we asked for
it’s a priority for us
the budget delivered
a fair industrial relations system
The Secure Jobs and Better Pay legislation
passed in late 2022 contained much-needed reforms to make Australia’s
industrial relations system fairer, by establishing job security and gender
equality as objects of the legislation and strengthening employment
protections. The implementation of these reforms and their practical impact
will now need to be monitored and assessed.
Major IR reforms were delivered
prior to the Budget and the targeted review of modern awards included in the
Budget is welcome to ensure a fair safety net in the context of the new
gender equality and job security objectives in the Fair Work Act.
While significant progress has been made in industrial
relations reform, further changes will be required to deliver better outcomes
for all workers – changes that will benefit casual employees and improve
fairness, pay and conditions for gig workers, a growing number of whom work
in professional roles.
investing in emerging knowledge-based industries
As our nation grapples with significant
domestic economic pressures and an uncertain economic future, Australia's
international competitiveness and future prosperity could be protected by an
uplift in strategic investment in emerging knowledge-based industries like
biotechnology, advanced manufacturing, artificial intelligence, ICT, and
technology-led environmental sustainability.
$116.0 million over 5 years for development
of technologies in industries that support new jobs, particularly in quantum &AI.
Commitment to AUKUS and advanced
manufacturing with 4000 new STEM university places to underpin Australia’s
Strategic investments in hydrogen and
renewables to make Australia a leader in these sectors.
$1 billion boost to strengthening
The investment in renewables and advanced
manufacturing (particularly in defence and AUKUS) are big wins for workers in
We are pleased this has been matched by a
dedicated STEM skills investment, so these long-term investments result in
a Just Transition to Clean Energy
An independent Just Transition Authority is
essential to ensure that: the transition to a low carbon economy is well
planned and coordinated, the voices of affected workers and communities are
heard and shape the future and that secure, well-paid green jobs are
available in strong and diversified local economies.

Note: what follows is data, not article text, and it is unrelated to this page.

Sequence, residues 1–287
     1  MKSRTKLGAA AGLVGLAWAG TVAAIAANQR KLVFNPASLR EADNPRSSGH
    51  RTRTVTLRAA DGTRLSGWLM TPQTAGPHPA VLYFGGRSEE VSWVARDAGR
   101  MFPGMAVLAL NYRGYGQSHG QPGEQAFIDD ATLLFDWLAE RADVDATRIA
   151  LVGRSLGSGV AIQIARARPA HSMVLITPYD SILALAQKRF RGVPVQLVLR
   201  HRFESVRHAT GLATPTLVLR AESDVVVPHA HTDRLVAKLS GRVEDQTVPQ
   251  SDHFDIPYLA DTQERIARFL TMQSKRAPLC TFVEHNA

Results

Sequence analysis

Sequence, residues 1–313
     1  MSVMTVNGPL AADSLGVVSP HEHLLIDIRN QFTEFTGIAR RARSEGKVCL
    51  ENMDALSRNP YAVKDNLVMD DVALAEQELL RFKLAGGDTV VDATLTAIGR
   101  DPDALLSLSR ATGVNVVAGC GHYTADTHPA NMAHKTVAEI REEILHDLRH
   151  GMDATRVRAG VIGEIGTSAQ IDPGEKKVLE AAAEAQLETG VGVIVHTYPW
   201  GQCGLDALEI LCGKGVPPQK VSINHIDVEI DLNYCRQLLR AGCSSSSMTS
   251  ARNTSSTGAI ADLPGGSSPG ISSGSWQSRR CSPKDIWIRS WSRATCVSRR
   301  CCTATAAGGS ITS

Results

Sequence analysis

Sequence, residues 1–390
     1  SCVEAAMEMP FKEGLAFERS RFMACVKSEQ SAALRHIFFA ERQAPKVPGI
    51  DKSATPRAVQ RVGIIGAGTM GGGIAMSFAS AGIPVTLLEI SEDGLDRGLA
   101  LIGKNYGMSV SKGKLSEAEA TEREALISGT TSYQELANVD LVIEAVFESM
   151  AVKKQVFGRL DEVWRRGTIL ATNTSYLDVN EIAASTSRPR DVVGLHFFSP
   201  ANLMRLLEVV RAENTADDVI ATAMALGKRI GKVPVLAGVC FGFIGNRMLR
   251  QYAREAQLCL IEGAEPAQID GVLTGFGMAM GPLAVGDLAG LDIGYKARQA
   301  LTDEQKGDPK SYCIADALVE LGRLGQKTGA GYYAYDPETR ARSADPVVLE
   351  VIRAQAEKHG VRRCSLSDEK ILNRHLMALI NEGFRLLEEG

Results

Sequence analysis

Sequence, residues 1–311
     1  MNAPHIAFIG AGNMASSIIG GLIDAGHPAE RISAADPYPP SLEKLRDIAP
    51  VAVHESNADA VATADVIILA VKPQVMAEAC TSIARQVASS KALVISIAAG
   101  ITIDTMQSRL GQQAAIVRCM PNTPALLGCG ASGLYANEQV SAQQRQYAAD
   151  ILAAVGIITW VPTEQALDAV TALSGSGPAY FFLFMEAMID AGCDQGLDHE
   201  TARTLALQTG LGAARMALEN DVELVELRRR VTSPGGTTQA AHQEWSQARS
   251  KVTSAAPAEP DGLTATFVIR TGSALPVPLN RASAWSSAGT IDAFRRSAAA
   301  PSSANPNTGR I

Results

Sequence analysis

A new National Net Zero Authority will be established
support workers in emissions-intensive
sectors to access new employment, skills and support as the net zero
coordinate programs and policies across
government to support regions and communities to attract and take advantage
of new clean energy industries and set those industries up for success;
help investors and companies to engage with
net zero transformation opportunities
This has been a priority for the union
movement, including Professionals Australia for a long time and is a win for all
workers affected by energy transition.
in workplace skills
Investment in the evolving technical and
broader workplace skills of engineers, scientists, IT professionals and other
professionals through modular training is required to ensure we have a highly
skilled and agile workforce to lead us through economic recovery.
4,000 new university places for STEM
disciplines to support the AUKUS program.
Over $5 billion for a new national skills
agreement, additional fee-free VET and TAFE places, and support for
foundation skills programs and apprenticeships.
The investment in STEM skills is a big win
for those working in STEM professions.
of engineers to the economy
Without qualified engineers, our economic
recovery, and the delivery of priority projects to drive economic growth are
at risk. Qualified engineers provide new ideas, products and solutions across
a range of sectors. Unfortunately, the engineering profession still does not
have its proper place at the decision-making table, and a lack of engineering
input is thwarting innovation, increasing project waste and cost, and the
timely delivery of safety and quality outcomes. National leadership to
support Chief Engineers in each state is needed to ensure that reconstruction
efforts are delivered and do not compromise quality, standards and safety.
$5 billion for 4000 new
university places in STEM.
As mentioned above, the STEM
skills investment is strong recognition of the critical role of our sector in
the future growth industries.